Below is a list of essential information related to the administration of Provincial Offences matters.
After being served an Offence Notice (ticket) the defendant then has three options to be exercised within 15 (fifteen) calendar days:
Option 1. Pay the fine: results in a guilty plea and conviction.
Option 2. Request a meeting with the prosecutor to discuss the possible resolution of the charge.
Requests can be made online, by mail or in person at the court location noted on the Offence Notice (ticket).
Option 3. Request a trial.
New: You do not have to attend in person to request a trial.
Requests for trial can be made online at toronto.ca/CourtCaseLookUp by completing a request for trial online transaction.
Requests for trial can also be made by completing a Notice of Intention to Appear (NIA) form and sending the completed NIA by mail to the address located on the back of your Offence Notice. A fillable version of the NIA form is available online at toronto.ca/courtforms.
Note: If you fail to exercise one of these options, a Justice of the Peace will review your case and may enter a conviction in your absence.
To change a Trial Date you have three options:
1. Adjournment of a first trial date:
This option is not available where you received a Summons to appear at court or where charges results from a collision or where you have already appeared at court on the charge.
2. Notice of Motion:
3. Attend the trial date:
If you have selected Option 2 (Meeting with the Prosecutor), you may reschedule your meeting by:
A new meeting will be rescheduled and a new notice mailed to you.
Please note, you are entitled to reschedule your meeting only once.
Failure to pay your fine in full could result in a conviction being entered against you. Upon conviction you will be required to pay the set fine, including court costs and the applicable victim fine surcharge by the due date. Failure to pay the fine imposed upon conviction by the due date will result in one or more of the following:
The defaulted fine information is provided to a credit bureau.
If fewer than 15 calendar days have passed from the receipt of the Offence Notice (ticket), you may request a meeting with the prosecutor to discuss entering a guilty plea and establishing an extended time to pay.
If you have been convicted, visit the court office noted on the top of your Notice of Fine and Due date. You will be asked to fill out an application to request an extension of time to pay fine forms. These forms will require you to fill in all of the information regarding your Offence Notice (ticket), including how much you have paid so far and a specific date that you would like it extended to, etc.
You may file a re-opening if:
To request a re-opening:
To check the status of a re-opening:
Note: Only applies to tickets issued prior to August 28, 2017.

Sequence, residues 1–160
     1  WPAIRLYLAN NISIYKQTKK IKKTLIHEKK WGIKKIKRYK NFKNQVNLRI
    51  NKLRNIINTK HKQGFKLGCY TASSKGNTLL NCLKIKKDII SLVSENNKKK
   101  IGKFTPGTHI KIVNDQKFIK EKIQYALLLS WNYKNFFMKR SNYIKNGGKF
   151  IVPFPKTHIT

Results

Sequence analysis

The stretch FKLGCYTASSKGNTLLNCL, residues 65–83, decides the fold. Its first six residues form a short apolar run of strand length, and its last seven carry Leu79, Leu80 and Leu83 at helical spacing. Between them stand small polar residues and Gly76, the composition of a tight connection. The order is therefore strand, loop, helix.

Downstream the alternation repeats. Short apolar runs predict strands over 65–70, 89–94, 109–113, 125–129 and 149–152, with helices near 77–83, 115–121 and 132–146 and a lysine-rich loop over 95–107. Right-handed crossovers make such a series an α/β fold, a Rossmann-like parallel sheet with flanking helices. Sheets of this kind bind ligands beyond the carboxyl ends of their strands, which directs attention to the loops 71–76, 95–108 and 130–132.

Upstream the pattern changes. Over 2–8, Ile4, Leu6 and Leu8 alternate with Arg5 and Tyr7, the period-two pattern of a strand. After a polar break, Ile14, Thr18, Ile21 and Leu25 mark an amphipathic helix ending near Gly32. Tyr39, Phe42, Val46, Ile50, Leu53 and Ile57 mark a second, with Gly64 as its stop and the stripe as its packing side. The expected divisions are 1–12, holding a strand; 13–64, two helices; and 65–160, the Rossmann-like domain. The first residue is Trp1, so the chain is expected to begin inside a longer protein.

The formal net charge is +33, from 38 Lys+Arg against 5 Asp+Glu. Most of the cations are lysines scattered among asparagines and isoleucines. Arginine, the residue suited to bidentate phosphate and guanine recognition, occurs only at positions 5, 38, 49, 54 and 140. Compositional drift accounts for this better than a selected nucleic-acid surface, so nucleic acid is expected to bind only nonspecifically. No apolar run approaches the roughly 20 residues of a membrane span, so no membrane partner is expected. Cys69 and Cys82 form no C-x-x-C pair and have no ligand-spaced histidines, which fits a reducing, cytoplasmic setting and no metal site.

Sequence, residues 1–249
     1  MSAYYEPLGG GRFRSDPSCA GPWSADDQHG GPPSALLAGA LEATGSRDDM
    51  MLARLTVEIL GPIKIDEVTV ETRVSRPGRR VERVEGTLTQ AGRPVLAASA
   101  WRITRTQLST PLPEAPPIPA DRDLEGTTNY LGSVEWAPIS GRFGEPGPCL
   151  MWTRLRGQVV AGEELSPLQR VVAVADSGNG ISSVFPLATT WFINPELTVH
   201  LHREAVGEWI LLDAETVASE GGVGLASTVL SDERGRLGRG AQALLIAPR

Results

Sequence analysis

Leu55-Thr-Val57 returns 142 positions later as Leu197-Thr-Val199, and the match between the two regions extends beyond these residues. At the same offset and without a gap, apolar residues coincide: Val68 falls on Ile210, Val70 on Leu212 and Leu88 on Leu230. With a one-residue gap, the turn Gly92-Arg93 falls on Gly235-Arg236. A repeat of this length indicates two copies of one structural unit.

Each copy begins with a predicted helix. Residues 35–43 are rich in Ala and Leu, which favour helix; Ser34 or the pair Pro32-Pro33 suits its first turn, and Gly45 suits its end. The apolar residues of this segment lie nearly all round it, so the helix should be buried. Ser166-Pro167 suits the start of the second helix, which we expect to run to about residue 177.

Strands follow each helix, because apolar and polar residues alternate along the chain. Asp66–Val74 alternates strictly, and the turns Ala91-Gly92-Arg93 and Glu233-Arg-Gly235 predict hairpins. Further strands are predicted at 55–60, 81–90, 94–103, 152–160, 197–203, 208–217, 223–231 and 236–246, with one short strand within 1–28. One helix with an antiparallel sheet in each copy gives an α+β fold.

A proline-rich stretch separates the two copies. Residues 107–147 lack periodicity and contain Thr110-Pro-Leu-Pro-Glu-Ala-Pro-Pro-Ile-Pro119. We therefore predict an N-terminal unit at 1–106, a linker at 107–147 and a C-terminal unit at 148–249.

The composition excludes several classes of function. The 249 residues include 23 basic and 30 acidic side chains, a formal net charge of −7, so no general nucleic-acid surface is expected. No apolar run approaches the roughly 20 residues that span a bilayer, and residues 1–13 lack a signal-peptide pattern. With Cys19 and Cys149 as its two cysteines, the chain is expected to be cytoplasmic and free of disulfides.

Re-openings and requests for extension on parking matters can be done at any Provincial Offences Court Office, but you must have a screen print of the infraction available from one of the parking tag offices, or a Notice of Fine and Due Date.
One amount is the set fine and the second is the total payable. The total payable consists of the set fine, court costs and the Victim Fine Surcharge.
The set fine is ordered by the Chief Judge of the Ontario Court of Justice as an amount payable by the defendant in lieu of attending court to contest the charge.
Court costs are an amount to be paid by the defendant for the service of the offence notice and/or summons and upon conviction of an offence. The costs are authorized by Section 60 of the Provincial Offences Act and the amount is set by regulation.
Section 8 of the Provincial Offences Act provides that payment of an offence notice (ticket) constitutes a plea of guilty and results in a conviction being registered.
The Victim Fine Surcharge is imposed by the Provincial Government and is added to every fine imposed under the Provincial Offences Act, other than parking fines. The amount of the Victim Fine Surcharge is variable, and is based on the amount of the set fine. Proceeds from the surcharge are used to maintain and expand provincial services to victims of crime.
Identity Fraud (Personation) is a criminal offence and is committed when a person fraudulently identifies him/herself as someone else
If you have been convicted of an offence under the Highway Traffic Act (HTA) or Compulsory Automobile Insurance Act (CAIA) for a ticket(s) issued by a Toronto Police Officer and your name was fraudulently used, you must:
1) Attend the court location where the ticket is filed;
2) Obtain an ICON PRINTOUT of the ticket(s) AND a COPY OF THE TICKET(S) from the court;
3) Swear to a ”GENERAL AFFIDAVIT” before a Justice of the Peace at the court, outlining your claim of identity fraud *;
4) AFTER you have obtained this information from the court, call an investigator at the following number tofile your identity fraud report **:
Toronto Police Service
9 Hanna Avenue, Toronto
Tel: (416) 808-1931
Fax: (416) 808-1902
For claims of identity fraud involving tickets issued by Toronto Police for By-Law, Liquor Licence Act, Trespass to Property Act, Pedestrian or Bicycle Offences, contact the officer or agency who issued the ticket(s) or their fraud unit.
For claims of identity fraud involving tickets issued by Go Transit, Toronto By-Law Enforcement Officers or Officers from other Police Services, contact the officer or agency who issued the ticket(s).
Improperly registered vehicles should be reported to your nearest Police Division.
* It is a criminal offence to swear to an affidavit when you knowingly provide false information within that Affidavit.
** It is a criminal offence to cause a peace officer to enter into an investigation when you knowingly provide false information which causes an investigation to occur.